Bt corn may kill monarch butterflies

Travis Whittington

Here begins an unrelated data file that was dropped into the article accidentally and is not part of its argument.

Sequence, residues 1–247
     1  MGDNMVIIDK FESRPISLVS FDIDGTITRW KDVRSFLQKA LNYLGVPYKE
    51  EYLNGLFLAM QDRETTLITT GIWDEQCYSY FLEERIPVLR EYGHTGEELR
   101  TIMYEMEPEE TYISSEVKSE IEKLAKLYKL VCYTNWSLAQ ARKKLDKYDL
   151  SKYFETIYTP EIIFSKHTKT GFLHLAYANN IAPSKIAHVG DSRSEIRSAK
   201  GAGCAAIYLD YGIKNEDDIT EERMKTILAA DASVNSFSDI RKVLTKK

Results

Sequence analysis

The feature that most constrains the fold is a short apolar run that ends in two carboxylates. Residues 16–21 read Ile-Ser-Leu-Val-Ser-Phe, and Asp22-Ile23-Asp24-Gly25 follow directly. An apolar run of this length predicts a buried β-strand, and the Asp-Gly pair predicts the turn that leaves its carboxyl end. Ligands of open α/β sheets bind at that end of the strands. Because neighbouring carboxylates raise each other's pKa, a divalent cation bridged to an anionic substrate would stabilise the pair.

ISU researchers recently discovered that pollen from genetically enhanced corn possibly could kill monarch butterflies. A research study about the corn by two ISU entomologists was published in the Aug. 19 Internet version of an ecology journal called Oecologia. The study revealed that monarch butterflies can die simply by ingesting pollen from Bacillus thuringiensis (Bt) corn. Bt corn is a plant that has insecticidal toxins designed to kill corn bores. John Obrycki, professor of entomology, and graduate assistant Laura Hansen Jesse conducted the two-year experiment that began in May 1998. “We planted Bt corn and placed potted milkweed plants varying distances from the edge of the Bt corn field to capture actual pollen dispersal,” Obrycki explained. “The milkweed leaves were taken into a lab, and monarch butterfly larvae were then applied to the leaves. Larvae were also placed on milkweed leaves that had been exposed to pollen from corn that had not been genetically tampered with.” The study’s results showed that the monarch butterflies exposed to the Bt corn’s pollen had far higher mortality rates. “For two days, the larvae were exposed to the plants,” Obrycki said. “The larvae exposed to the Bt corn pollen showed a 20 percent mortality rate, while the mortality rate for the other larvae was zero. “In addition, some more leaves with the Bt pollen were washed off and checked with a dissecting microscope to make sure all the pollen was off,” he said. “Some larvae were then fed these leaves, and they attained a 3 percent mortality rate.” Even with the high mortality rates, many people in the transgenic crop industry have found this study to be inconclusive. “The study only focuses on one factor in a lab setting,” said Jerry Harrington, North American public relations manager for Pioneer Hi-Bred. “If monarch butterflies are to die in a field, many more factors have to take place. For example, pollen shed must be high in one area, larvae have to be present, and the larvae must chose to feed on a plant with pollen. “The Iowa State experiment was a field experiment that went into the lab,” he said. “The larvae were not given a choice of what to feed on in the lab. The larvae were simply put on a plant leaf that had pollen on it.” Others agree that the location of the experiment may have manipulated the results. Doyle Karr, corporate public relations manager for Pioneer, said that in a study conducted in 1998, a field that was planted with Bt corn showed a 40 percent increase in its monarch butterfly population. “This shows that field conditions are a big factor in determining mortality rates. The EPA [Environmental Protection Agency] has confirmed that this technology can kill butterflies, but what you have to look at is how often this will happen. In this case, the benefits of Bt corn protecting farmers fields outweigh the costs,” he said. While Obrycki acknowledges his experiment was conducted under lab conditions, he pointed out that the conditions were similar to field conditions. “I agree that this study for the most part was a lab experiment,” he said. “Although, the milkweed plants in our study were put out to capture actual field conditions. Also, the larvae in the lab could have chosen the other side of the plant leaf with no pollen on it.” Both Obrycki and Pioneer agree that more Bt corn research needs to be done. “Pioneer has worked in the past with the EPA and other agencies to study Bt corn and these efforts will continue in the future,” Karr said. Pioneer and Obrycki also agree that there is no research that shows that Bt corn can be harmful to humans. This is significant because Pioneer has 28 million acres of Bt corn planted across the nation, Karr said.